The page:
Thursday, February 23, 2012

Teaching about a school of fish

Hi Sea Fans!

I hope the week is treating you all well.  I'm travelling again and having a ball!  I'll post all about that soon but in the mean time, I thought I'd give you some more info on another type of marine job, an Informal Education Manager at an aquarium.  I spoke to Michelle Moodley to find out more:


1.       What is your job? Informal Education Manager. I'm basically in charge of the experience in the aquarium for public guests, this covers the signage and the permanent education staff who work with guests daily.
2.       What did you study/do to get this kind of work? I started working as one of the permanent education staff on the floor, working with the public everyday, then worked overseas as an Education and Events Manager and then returned to South Africa in my current job.
3.       What do you do in a normal day? I manage staff logistics, which means that I do staff training, schedules and assessments.  I also prepare new signage or modify exisiting signage (basic research and design layout).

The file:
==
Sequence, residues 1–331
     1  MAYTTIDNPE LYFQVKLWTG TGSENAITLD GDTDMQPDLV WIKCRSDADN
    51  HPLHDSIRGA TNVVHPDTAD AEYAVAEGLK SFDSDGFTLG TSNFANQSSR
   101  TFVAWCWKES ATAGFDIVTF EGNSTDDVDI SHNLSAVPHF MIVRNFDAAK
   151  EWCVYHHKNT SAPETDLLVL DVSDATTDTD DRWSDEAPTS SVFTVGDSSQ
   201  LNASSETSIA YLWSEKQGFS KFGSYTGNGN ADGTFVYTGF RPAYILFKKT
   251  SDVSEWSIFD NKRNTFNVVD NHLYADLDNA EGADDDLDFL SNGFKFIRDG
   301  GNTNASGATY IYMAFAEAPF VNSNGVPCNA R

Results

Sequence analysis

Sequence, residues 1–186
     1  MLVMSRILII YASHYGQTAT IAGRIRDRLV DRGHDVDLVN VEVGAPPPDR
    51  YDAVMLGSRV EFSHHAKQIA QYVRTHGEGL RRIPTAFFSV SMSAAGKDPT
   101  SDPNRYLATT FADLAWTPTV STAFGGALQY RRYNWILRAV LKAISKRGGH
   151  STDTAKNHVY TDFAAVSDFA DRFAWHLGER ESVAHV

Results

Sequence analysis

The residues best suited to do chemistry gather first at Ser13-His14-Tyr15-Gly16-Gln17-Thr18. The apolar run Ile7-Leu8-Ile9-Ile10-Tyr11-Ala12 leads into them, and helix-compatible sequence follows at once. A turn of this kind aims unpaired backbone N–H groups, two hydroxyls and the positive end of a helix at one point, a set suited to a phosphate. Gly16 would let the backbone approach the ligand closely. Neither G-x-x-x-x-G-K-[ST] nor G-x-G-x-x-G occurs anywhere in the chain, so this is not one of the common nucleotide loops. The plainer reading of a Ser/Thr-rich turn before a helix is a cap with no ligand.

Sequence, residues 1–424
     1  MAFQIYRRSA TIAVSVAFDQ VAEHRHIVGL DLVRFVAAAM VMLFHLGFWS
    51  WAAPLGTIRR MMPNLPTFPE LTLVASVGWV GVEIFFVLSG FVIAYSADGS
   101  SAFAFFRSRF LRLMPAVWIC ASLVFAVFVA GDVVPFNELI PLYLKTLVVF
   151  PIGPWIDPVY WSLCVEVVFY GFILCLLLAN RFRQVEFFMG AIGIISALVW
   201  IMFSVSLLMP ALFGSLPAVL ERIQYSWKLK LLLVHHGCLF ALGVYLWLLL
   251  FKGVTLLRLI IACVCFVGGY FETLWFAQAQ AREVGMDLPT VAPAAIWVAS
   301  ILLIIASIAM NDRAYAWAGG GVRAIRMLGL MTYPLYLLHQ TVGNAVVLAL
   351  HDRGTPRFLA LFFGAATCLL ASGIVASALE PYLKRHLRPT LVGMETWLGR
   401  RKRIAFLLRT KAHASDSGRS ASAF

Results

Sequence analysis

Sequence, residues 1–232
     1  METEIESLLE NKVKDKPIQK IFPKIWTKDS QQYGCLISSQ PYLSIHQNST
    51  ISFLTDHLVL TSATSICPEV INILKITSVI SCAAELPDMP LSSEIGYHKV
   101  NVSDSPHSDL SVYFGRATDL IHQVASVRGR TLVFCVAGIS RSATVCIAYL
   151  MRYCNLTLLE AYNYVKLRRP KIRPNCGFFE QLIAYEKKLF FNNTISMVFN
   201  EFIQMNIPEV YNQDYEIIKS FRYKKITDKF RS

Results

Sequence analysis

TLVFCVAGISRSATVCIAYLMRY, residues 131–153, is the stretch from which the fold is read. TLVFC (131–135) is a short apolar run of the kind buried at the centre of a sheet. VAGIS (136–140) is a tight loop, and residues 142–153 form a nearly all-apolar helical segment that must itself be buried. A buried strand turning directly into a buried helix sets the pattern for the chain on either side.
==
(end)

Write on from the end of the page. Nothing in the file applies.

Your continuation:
4.       What is the most interesting thing you've come across/experienced in your job? Working overseas for 2 years and gaining more experience in a newly built facility. 
5.       What is a not-so-nice thing about your job? Having to attend so many meetings!
6.       What do you love about your job? A great moment like today -spending the morning at Umdhloti rock pools training staff.  We even found an octopus!!!
7.       What would you say/recommend to kids who want to do what you do? Be a good example and with signage, learn to think laterally and hang in there, it can get discouraging doing the same thing over and over again, but it's worth it in the end when you see the end product and people enjoy reading what you've written.
8.       Anything else? Learn new languages all the time.  You can take languages with you everywhere you go and you don't need a bag to pack it in!